"Walking pneumonia" is a non-medical term for a mild case of pneumonia. A more medically correct term would be atypical pneumonia and can be caused by certain molds, viruses or bacteria; often a common bacterium called Mycoplasma pneumonia. Bed rest or hospitalization are usually not needed, and symptoms can be mild enough that you can continue your daily activities, hence the term "walking."

But don't be fooled. Walking pneumonia can still be miserable and is commonly accompanied by a cough, fever, chest pain, mild chills, headache, etc. It feels more akin to a bad cold, and despite what the term "walking" implies, taking care of yourself is the best path to recovery.

"If you have pneumonia symptoms, even if they are mild, you should discuss with your healthcare provider as soon as possible," says Dr. Albert Rizzo, American Lung Association’s Chief Medical Officer. Dr. Rizzo notes that walking pneumonia is treatable with antibiotics to help you recover more quickly if your doctor believes bacteria to be the cause. Over-the-counter medications can also be used to relieve symptoms, such as antihistamines for nasal congestion or cough medications to help ease cough and loosen any mucus (sputum). "In addition, it's important to get lots of rest, drink plenty of fluids and take fever-reducing medicine if you have a fever," he adds. Not everyone can take the same over-the-counter medications, so it is important to come up with a treatment plan with your healthcare provider’s input.

Most people start to feel better within three to five days, but a cough from pneumonia can last weeks or months after treatment. "Recovery time will vary from person to person and will depend on whether you have other medical problems, such as asthma or COPD," says Dr. Rizzo. "Too slow a pace of recovery or any worsening of symptoms is information you should share with your healthcare provider."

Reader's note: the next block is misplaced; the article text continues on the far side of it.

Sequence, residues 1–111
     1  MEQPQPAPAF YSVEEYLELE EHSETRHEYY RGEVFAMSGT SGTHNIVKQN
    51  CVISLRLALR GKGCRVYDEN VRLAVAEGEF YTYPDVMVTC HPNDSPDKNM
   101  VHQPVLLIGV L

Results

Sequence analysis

Pneumonia can spread when an infected person breathes, talks, coughs or sneezes near you. To reduce your risk of infection, follow these tips and learn more about avoiding pneumonia:

  • Get a flu vaccine each year to help prevent getting pneumonia caused by the flu.
  • Talk to your doctor about getting a pneumonia vaccine (there is no vaccine for viral or mycoplasma pneumonia, but certain individuals should get vaccinated for pneumococcal pneumonia).
  • Make sure your pertussis vaccine is up to date (speak with your healthcare provider).
  • Exercise, eat a well-balanced diet and get adequate sleep.
  • Wash your hands frequently and thoroughly with warm, soapy water.
  • Don't smoke.
  • Cover your mouth when you cough or sneeze and encourage others to as well to help prevent the spread of these infections.
Learn more about pneumonia on our website.

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